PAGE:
by Michelle Rainer
When Fine Arts professor Bonnie Baxter was invited to participate in Mythologie des Lieux, an international symposium on contemporary art, she decided to make it a collective project involving students.
"When you're out in the community and working in a real-life experience, it's never quite the same as what you can read about, or what you learn within the university," Baxter said, who teaches print media in the Studio Arts Department.
The theme of the symposium, which ran from September 11 to 26, was the creation of a mythology based on place. The group -- Baxter, Concordia grad Pierre Pellerin, undergraduate Clark Ferguson and graduate students Michelle Bush and Patrick Visentin -- decided to focus on St. Jérôme, about an hour north of Montreal.
St. Jérôme, population 25,000, was once touted as a potential industrial centre, but the promise of prosperity never materialized. As a nod to St. Jérôme's one-time prominence on the railway, the group dubbed their venture TCHOU, as in choo-choo train.
The members of TCHOU went door-to-door around St. Jérôme offering to do push-ups in exchange for old shoes, an ice-breaking stunt that allowed them to meet members of the community and gather material for their project at the same time.
They carved designs based on the theme of transportation into the soles of the shoes, making them into wearable stamps. Then they embossed intricate prints of bicycles, railway tracks and train signal towers onto huge rolls of paper donated by local pulp and paper mill Papier Rolland Inc. Finally, they spread the rolls out alongside the old tracks in the centre of town, set out a few pans of paint, and invited the people of St. Jérôme to put on some shoes and make their mark.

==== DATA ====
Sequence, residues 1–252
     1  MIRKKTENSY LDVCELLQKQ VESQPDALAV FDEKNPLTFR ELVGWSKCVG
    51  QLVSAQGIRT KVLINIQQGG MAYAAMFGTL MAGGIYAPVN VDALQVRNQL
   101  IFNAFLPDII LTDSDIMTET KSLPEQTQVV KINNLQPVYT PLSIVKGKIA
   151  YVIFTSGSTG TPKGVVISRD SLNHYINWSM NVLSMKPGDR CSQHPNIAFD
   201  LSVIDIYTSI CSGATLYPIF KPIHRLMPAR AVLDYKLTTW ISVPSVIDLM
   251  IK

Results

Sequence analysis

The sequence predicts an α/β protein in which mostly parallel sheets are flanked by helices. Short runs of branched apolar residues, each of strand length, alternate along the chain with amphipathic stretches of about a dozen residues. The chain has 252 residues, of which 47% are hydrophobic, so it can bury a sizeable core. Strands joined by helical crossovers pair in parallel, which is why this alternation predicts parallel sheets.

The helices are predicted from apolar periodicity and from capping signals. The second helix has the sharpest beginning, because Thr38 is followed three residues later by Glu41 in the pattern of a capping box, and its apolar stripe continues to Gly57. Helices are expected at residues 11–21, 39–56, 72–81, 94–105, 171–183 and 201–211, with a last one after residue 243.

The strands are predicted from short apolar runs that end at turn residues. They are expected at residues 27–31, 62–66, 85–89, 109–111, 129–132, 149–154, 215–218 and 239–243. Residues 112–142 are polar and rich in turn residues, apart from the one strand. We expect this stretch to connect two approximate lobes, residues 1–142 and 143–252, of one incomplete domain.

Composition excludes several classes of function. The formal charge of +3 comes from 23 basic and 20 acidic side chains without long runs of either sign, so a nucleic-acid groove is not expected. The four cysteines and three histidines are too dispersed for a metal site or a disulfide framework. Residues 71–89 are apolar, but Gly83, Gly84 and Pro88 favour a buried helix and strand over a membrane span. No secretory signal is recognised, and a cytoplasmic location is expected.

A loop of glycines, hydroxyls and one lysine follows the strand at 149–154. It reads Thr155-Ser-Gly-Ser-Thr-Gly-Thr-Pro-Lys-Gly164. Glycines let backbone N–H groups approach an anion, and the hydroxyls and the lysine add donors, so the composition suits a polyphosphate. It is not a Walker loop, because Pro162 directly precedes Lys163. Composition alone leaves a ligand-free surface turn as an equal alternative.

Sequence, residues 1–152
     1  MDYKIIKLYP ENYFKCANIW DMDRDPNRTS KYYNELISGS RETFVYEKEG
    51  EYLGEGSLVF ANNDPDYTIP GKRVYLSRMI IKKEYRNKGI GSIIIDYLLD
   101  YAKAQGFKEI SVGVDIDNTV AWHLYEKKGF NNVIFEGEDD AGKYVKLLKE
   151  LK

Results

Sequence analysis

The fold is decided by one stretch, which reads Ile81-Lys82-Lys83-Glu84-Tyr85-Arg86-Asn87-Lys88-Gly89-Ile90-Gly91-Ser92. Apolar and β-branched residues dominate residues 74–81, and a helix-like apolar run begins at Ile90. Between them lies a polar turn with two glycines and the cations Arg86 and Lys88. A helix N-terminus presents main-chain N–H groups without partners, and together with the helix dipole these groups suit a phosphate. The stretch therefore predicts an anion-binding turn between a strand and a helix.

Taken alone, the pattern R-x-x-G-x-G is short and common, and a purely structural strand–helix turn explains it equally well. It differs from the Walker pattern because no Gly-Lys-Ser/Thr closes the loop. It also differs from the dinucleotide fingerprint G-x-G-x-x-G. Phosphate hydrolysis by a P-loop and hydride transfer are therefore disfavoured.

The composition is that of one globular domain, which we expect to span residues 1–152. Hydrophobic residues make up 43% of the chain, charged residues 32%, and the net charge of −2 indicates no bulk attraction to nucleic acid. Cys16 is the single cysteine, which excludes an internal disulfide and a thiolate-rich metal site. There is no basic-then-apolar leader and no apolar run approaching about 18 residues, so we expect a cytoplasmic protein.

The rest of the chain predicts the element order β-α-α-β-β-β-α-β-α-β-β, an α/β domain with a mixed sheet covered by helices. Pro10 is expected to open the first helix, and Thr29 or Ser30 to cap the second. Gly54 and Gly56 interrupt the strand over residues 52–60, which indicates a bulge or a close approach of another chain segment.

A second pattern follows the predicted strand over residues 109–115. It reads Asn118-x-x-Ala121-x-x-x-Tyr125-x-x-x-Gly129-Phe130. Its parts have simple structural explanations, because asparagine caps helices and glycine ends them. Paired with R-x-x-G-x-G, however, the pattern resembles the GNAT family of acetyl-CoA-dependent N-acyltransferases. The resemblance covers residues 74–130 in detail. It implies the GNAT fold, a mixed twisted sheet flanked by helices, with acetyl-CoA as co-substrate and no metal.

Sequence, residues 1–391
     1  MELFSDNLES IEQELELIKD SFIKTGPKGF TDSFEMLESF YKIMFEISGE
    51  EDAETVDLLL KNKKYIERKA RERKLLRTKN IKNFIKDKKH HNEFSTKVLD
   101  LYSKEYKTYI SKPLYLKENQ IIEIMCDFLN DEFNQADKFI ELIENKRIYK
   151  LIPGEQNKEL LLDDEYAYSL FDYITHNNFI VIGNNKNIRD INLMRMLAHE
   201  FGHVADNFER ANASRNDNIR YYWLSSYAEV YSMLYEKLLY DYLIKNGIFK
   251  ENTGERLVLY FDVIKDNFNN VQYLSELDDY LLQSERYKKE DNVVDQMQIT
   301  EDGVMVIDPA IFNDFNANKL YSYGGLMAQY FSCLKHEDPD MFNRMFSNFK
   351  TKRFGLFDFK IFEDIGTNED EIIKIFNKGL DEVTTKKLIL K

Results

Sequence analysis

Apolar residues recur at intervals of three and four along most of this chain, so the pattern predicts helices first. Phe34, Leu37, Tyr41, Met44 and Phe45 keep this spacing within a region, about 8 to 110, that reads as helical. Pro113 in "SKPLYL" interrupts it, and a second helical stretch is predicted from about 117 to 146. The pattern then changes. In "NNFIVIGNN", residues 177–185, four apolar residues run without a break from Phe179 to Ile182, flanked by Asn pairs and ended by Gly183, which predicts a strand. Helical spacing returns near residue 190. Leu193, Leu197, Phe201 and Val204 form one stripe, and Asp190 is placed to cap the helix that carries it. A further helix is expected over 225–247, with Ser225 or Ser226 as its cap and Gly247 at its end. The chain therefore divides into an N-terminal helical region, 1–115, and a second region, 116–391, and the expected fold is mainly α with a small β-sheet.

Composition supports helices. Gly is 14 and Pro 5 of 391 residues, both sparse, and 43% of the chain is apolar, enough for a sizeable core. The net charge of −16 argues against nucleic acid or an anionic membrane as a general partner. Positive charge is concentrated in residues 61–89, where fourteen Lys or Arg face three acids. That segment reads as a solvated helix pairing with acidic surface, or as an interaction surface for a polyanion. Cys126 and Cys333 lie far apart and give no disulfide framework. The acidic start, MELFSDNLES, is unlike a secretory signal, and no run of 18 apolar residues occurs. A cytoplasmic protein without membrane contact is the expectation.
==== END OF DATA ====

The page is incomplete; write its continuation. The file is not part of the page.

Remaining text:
About 280 people came throughout the week to add to the project, chat about their families and the history of the community, or ask about the symposium, sponsored by Fondation Derouin. Collective member Visentin said that meeting the people was the best part of the project.
"Usually when you're making art, it's a one-way street -- you're making it and they're viewing it," he said. "One of the great things about this project is that the people participated. We learned a lot about each other." The students also learned how to plan a project, run a symposium and participate in a press conference.
The event culminated on Saturday, September 25, with a night-time parade and "burning ceremony." About 1,000 people joined the artists as they marched their works, which included a wooden ship and a four-metre-high model of the Empire State Building, through the streets.
Then, as the city's firefighters stood by, the artists burned most of the pieces they had taken so long to produce. They hope they have created a new legend for the town, making the night part of St. Jérôme's collective memory. As Visentin explained, watching the works going up in flames around him, "You have to destroy the record to create the myth."
Bonnie Baxter, who masterminded this public art project, is one of a group of women artists who are taking part in a symposium on November 4 called Public Art as Social Intervention - But Now I Have to Speak: Testimonies of Trauma, Transformation and Change. You can find out more by visiting their Web site: http://design.concordia.ca/publicart
Photo (above right): Patrick Visentin holds up discarded shoes that had designs on the theme of transportation carved in the soles.